Homestead For Youth in need of funds to continue ‘life-changing’ mental health support

A number of young people taking part in the Homestead For Youth family style recovery program have called on the public for financial help to ensure the integral organisation continues its service.

The Pinjarra based non-profit organisation has been helping teens in need since it opened its doors in 2014.

The farm takes an alternative approach to mental health care for youths and their families with a variety of innovative, holistic therapies such as car restoration, arts and music and an animal farm sensory experience - the first in Western Australia.

But founders Carla and Marty Fadelli and a number of families at the homestead are asking the Western Australian community to play a part in preventing youth suicide by helping them keep their farm home.

“We have leased our farmstead in Meelon since 2017 but we can no longer lease the property,” Mrs Fadelli said.

“To continue working towards achieving a better story ending for our young people, their mental health and their future, we need to buy the farmstead.

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“We need to raise $780 by 2019, the full amount of over $1.4 million is due 2020.

“We are appealing to the hearts of every Western Australian to play a part in changing the story on youth suicide by saving our farm.

“Just a dollar donation can save the lives of many young men and women and give them hope for a better, stronger future.”

Stories of success

Luke Smith has been taking part in weekly therapy sessions at Homestead For Youth for six months and said the support available has saved his life.

“My older sister passed away about six months ago and I grew up with her being around looking after me when my mum and step-dad worked away,” he said.

“After she passed, I got drunk a lot and was self-harming so I went to the doctors and was diagnosed with depression.

“He referred me to Homestead For Youth and I’ve been seeing a worker there.”

The 16-year-old said it would be “heart breaking” if the service could no longer continue.

“It’s like a little family when I go there – it makes me feel safe and welcome,” Luke said.

“They’ve helped me so much with what I need and what I’m going through. They’ve been my go-to for support and if money got in the way of that, that would be really disappointing.

After she passed, I got drunk a lot and was self-harming so I went to the doctors and was diagnosed with depression.

Luke Smith

“I’m not the only person going through this and I think it’s really important for them to help more people.”

Another participant, who wished not to be named, said taking part in the residential recovery program had been “life-changing”.

Although he’s only young, the 16-year-old has overcome a bumpy road to regain a hold on his life thanks to Homestead For Youth.

“It all started pretty much when I was four when my mum and dad divorced and as I grew up it started to hurt me more and I started to blame myself,” he said.

“By the time I was 12 years old, I started running away from home and one time I went back to one of my friend’s house and he introduced me to smoking pot.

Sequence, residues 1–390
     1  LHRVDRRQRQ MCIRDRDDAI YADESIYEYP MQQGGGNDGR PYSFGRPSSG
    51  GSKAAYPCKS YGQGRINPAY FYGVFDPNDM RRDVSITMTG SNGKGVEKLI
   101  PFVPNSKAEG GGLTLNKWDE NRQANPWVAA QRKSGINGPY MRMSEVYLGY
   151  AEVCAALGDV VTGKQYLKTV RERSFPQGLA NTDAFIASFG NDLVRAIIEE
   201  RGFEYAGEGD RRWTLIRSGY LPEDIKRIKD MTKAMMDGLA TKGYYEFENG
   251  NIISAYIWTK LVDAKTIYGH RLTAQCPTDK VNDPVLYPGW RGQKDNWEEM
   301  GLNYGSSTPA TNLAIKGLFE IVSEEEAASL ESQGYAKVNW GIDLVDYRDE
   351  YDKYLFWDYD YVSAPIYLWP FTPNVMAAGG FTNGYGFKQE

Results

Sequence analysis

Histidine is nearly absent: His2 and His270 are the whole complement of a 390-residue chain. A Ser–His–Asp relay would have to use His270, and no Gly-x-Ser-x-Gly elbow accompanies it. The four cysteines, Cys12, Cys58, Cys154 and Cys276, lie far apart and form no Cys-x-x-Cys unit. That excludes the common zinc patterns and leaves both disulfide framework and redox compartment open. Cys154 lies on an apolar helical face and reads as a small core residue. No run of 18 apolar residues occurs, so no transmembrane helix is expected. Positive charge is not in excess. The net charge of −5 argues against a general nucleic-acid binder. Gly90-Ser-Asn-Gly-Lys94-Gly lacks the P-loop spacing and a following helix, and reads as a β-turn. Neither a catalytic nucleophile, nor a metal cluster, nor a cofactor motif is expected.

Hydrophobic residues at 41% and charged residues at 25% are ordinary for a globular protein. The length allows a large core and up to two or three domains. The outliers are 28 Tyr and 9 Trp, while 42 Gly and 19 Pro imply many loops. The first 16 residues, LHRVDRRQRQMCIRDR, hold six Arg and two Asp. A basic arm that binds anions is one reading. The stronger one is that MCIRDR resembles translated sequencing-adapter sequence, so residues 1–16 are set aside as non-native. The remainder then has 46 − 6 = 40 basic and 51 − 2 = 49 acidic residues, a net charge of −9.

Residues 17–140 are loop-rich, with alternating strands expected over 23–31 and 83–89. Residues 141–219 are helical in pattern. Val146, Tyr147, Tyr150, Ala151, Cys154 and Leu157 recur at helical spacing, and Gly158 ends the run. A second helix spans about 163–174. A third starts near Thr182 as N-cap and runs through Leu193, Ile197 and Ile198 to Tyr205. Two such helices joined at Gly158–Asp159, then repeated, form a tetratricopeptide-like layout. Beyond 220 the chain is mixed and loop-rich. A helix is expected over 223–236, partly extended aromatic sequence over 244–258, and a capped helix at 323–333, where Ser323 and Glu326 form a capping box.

“I got addicted to it.”

After his family moved to Busselton in an effort to escape his influential friends and drugs, he said his downward spiral only accelerated.

“To feed my addiction, I would steal a lot – motorcycles, cars, breaking into houses,” he said.

I cried out to God and asked him to forgive me.

Homestead For Youth participant

“I was addicted to marijuana, smoking cigarettes, pornography, stealing, gaming – I was sick of it, it was ruining my life.

“I got locked up three or four times but the third time, I was in there for a month and the marijuana started to wear off and my head cleared up.

“I cried out to God and asked him to forgive me – I just had this desire to change so when I got a chance, I called my mum and gave her the good news and asked her to forgive me.”

The teenager moved back in with his mother, got a job and returned to school, but after a number of toxic relationships and setbacks, he found himself slipping back into old habits.

“I got lost in my sadness and turned back to drugs and was ten times worse than I’d ever been before,” he said.

“I burnt all my bridges with my family.

“But then I had an encounter with God like nothing I’d ever had before and it felt like a bucket of ice water had been poured over me, it was amazing.

“Mum and I went looking for a Christian hostel to go to to get back on my feet and we found Homestead For Youth.”

I got lost in my sadness and turned back to drugs and was ten times worse than I’d ever been before.

Homestead For Youth participant

The teenager said he didn’t know where he would be today if it wasn’t for their support.

“I’ve totally changed to a different person – if you saw me today, you wouldn’t believe what I said I used to do,” he said.

“These people are doing amazing things for the community and youth and helping the broken kids at risk, it’s been life changing.

“They take you in to their family and I’m so grateful to be here.

“Whether we keep the farm or not, Homestead will always be helping kids – that’s what’s in our heart.”

To donate or get involved in Homestead For Youth’s fundraising efforts, please visit www.homesteadforyouth.org.

Support is available by calling Kids Helpline on 1800 551 800, Lifeline on 131 114, or beyondblue on 1300 22 46 36.